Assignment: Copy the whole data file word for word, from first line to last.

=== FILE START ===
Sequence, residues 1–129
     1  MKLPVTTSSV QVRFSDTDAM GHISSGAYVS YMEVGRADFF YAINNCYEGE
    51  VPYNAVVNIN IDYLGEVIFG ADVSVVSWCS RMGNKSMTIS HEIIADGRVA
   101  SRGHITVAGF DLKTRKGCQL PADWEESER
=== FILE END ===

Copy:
Sequence, residues 1–129
     1  MKLPVTTSSV QVRFSDTDAM GHISSGAYVS YMEVGRADFF YAINNCYEGE
    51  VPYNAVVNIN IDYLGEVIFG ADVSVVSWCS RMGNKSMTIS HEIIADGRVA
   101  SRGHITVAGF DLKTRKGCQL PADWEESER